• 3. During moderate- to high-intensity exercise that lasts longer than an hour, the athlete should experiment with consuming some type of carbohydrate to help maintain a normal blood glucose level. For some, the carbohydrate might be a jelly bean every 20 minutes; for others, it might be tiny tastes of a gel every few minutes or sips on a sports drink. Because of individual variation and lack of research, each athlete will need to learn through trial and error the foods or fluids that work best without causing gastrointestinal distress. Suggest experimenting with small amounts of solid or liquid carbohydrates if the client thinks he or she may be able to tolerate the fuel without experiencing dumping syndrome.
  • 4. On a daily basis, the client should enjoy small meals that provide adequate protein (minimum of 65 to 75 g per day) (8), along with carbohydrates as tolerated.
  • 5. Advise the client to increase the exercise period gradually. Beware of conditions such as high ambient temperatures that can increase sweat losses and adjust the planned exercise accordingly.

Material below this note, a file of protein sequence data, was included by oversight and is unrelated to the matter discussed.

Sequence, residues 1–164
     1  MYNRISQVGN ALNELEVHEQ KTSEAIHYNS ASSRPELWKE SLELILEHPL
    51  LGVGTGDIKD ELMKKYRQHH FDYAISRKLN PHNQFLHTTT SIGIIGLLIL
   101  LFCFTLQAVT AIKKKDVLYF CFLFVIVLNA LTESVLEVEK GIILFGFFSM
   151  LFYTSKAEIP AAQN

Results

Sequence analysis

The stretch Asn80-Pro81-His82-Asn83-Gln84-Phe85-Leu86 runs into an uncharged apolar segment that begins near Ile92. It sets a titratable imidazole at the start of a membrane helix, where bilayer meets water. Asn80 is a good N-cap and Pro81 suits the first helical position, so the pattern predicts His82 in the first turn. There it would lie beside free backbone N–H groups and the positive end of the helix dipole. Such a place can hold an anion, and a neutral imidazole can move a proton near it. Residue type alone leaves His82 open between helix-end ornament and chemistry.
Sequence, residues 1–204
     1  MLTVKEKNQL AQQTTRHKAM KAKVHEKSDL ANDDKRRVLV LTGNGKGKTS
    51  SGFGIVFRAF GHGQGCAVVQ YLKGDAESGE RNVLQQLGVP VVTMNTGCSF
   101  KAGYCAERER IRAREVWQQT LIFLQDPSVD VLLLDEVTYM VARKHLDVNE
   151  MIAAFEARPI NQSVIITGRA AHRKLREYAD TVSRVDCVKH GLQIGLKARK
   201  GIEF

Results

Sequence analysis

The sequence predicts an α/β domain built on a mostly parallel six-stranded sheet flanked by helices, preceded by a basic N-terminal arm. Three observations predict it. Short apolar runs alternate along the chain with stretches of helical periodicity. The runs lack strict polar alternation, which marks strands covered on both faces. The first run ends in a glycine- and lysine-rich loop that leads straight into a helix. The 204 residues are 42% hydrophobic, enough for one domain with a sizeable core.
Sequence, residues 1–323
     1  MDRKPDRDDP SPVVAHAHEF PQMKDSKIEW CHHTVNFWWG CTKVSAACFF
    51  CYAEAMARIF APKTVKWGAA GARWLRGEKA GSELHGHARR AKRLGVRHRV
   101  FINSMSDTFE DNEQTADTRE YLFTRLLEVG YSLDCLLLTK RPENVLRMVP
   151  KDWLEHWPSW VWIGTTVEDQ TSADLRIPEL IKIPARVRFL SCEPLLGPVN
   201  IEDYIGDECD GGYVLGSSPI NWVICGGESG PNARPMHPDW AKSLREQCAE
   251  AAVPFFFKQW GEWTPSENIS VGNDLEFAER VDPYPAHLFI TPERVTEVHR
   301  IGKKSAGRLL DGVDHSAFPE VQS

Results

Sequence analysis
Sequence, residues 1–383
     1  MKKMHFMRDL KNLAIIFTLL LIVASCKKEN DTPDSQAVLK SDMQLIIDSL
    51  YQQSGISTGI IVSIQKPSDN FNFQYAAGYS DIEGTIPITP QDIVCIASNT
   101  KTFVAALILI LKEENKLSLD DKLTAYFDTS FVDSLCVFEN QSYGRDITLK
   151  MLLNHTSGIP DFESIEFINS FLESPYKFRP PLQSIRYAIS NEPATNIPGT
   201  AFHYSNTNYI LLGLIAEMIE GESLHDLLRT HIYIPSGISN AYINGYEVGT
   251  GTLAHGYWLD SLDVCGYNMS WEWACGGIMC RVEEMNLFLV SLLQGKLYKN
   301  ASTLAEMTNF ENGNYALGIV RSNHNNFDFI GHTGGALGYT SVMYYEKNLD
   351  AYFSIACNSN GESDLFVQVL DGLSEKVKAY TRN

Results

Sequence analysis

• 6. Recommend that the client takes a daily multivitamin to offset deficiencies that could occur from the combination of malabsorption from the bypass and loss of nutrients from perspiration during exercise.
  • 7. When in doubt, refer. Bariatric surgery and its long-term effects on nutritional needs can be complicated. Use the resources you have available and collaborate with sports dietitians and the client’s medical team. The client’s safety is the number one priority.
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In summary, physical activity is routinely advised for individuals who have had bariatric surgery, yet there are no sports nutrition guidelines for these athletes. Individuals who become highly active after having bariatric surgery often have no history of sport-specific physical activity before surgery. After surgery, they become eager for sports nutrition education particularly how to optimally fuel for daily training and specific athletic events. More research is needed before health care providers can provide evidence-based recommendations that will improve the athlete’s exercise and competition experience as well as alleviate some of the confusion around diet and exercise after weight loss surgery.